Money Market Funds
Operations and Technology
Once Again, Information Moves Markets
By Sean Collins
March 18, 2015
Treasury yields fell sharply today and the stock market jumped. Wouldn’t it be nice if mutual funds could take credit? Unfortunately, they can’t. Any orders that mutual fund investors place to buy or sell shares anytime today before 4:00 p.m. won’t hit the market until 4:00 p.m., just like any other day. And, if you are reading this blog post at the time of its posting, 4:00 p.m. is still 10 minutes away.
Instead, the sharp changes in the market occurred right at 2:00 p.m. (ET) (see chart) when the Federal Reserve released the minutes of its March Federal Open Market Committee (FOMC) meeting, which indicated that it would be unlikely to raise interest rates at its upcoming April meeting.
Yield on 10-Year U.S. Treasury, March 18, 2015
This shows that new information moves the market. I emphasize this point because if things had gone the other way today—if the Fed had indicated tightening and markets had dropped—sure as the sun will shine, some commentators would have incorrectly attributed the drop to shareholders redeeming out of funds—even though that couldn’t possibly be the case because their orders aren’t executed until 4:00 p.m.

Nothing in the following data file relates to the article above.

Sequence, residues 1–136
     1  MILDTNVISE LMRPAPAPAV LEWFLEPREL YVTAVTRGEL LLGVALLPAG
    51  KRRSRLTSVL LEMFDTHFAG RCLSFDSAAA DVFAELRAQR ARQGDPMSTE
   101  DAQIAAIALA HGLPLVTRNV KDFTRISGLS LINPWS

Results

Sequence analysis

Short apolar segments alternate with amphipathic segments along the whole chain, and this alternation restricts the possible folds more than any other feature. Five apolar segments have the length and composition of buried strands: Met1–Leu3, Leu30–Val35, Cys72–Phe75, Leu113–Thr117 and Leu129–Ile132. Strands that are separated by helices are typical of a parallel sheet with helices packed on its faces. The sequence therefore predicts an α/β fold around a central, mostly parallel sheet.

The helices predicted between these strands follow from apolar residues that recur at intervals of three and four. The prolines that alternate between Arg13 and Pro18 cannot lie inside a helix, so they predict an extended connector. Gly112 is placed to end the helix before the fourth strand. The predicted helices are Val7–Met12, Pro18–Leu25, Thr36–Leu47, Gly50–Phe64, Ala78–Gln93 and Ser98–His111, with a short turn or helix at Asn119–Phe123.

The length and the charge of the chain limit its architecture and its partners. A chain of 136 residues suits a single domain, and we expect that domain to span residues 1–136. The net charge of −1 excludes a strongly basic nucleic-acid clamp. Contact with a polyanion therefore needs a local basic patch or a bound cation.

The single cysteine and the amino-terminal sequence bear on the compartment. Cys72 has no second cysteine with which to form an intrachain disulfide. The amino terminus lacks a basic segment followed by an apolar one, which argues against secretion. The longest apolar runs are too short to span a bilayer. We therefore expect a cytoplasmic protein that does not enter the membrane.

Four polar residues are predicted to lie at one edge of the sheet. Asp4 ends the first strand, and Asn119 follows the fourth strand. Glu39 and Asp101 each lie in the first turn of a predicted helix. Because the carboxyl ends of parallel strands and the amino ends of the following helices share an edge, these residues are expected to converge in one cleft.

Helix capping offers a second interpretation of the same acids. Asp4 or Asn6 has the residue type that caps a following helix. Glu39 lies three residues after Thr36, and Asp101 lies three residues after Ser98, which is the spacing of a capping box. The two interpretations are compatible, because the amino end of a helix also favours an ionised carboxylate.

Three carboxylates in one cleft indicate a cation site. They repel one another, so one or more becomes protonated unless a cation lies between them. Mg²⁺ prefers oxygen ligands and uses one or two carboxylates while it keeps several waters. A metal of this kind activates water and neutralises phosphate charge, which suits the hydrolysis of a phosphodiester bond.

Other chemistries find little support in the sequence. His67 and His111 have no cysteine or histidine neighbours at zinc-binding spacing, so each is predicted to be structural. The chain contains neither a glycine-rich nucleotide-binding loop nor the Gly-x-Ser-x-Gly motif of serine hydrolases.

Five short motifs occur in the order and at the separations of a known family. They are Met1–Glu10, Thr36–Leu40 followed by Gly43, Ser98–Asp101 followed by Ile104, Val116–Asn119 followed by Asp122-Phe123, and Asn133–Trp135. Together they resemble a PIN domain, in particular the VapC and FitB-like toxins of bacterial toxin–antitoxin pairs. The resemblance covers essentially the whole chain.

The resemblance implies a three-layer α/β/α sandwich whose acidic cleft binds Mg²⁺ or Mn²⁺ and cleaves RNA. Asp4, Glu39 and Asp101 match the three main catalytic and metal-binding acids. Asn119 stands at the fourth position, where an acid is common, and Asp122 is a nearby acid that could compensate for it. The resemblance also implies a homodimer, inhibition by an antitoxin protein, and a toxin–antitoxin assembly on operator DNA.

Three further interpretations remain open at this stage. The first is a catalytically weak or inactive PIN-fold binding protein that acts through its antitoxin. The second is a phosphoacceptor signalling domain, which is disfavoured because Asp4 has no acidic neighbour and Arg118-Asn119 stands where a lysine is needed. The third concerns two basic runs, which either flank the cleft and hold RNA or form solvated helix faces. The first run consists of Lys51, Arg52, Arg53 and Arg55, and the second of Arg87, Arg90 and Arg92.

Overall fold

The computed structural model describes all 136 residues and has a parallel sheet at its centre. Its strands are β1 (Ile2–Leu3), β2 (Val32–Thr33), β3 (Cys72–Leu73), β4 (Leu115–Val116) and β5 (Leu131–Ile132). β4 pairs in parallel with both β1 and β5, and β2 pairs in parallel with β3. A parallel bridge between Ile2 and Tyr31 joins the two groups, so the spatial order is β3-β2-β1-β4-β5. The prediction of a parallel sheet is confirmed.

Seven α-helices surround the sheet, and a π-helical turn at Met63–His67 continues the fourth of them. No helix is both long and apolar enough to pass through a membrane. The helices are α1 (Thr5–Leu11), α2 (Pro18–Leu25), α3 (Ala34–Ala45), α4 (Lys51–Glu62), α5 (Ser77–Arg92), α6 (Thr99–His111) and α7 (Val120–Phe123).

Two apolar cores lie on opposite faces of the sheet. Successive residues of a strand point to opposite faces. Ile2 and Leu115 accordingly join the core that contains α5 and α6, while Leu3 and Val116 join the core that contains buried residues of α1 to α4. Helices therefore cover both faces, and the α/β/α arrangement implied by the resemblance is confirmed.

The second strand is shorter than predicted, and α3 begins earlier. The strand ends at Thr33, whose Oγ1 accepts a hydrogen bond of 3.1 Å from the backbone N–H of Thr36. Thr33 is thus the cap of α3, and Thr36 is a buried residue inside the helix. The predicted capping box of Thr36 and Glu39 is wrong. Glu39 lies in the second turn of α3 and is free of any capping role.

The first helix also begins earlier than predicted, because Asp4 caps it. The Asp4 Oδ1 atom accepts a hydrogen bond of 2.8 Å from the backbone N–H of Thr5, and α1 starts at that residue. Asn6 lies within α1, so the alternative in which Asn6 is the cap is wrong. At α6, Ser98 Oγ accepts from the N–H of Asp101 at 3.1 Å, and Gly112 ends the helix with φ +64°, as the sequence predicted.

Sean Collins is ICI’s senior director of industry and financial analysis.
Bloomberg Ignores the Evidence on Bond ETFs
By Mike McNamee
September 26, 2014
In response to “Pimco ETF Probe Spotlighting $270 Billion Market Vexing FSB,” we posted the following comment on Bloomberg News’ website:
The Real Lessons to Be Learned from 1994’s Bond Market
By Brian Reid
July 29, 2014
A recent “Heard on the Street” column in the Wall Street Journal (“Heeding 1994's Bond-Market Lesson,” July 27, 2014) is correct in saying that there’s a lesson to be learned from the 1994 bond market—but it draws the wrong lesson.
“Market Tantrums” and Mutual Funds: A Second Look
By Sean Collins and Chris Plantier
May 19, 2014
Over the past year, policymakers who are focused on financial stability have pursued a theory that mutual fund investors can destabilize financial markets by redeeming from funds when markets decline. According to this theory, redemptions by fund investors lead fund managers to sell securities; those sales drive asset prices down further and, in turn, spur more investor flight, redemptions, and price declines.
ETFs Don’t Move the Market—Information Does
By Shelly Antoniewicz
March 11, 2014
There they go again.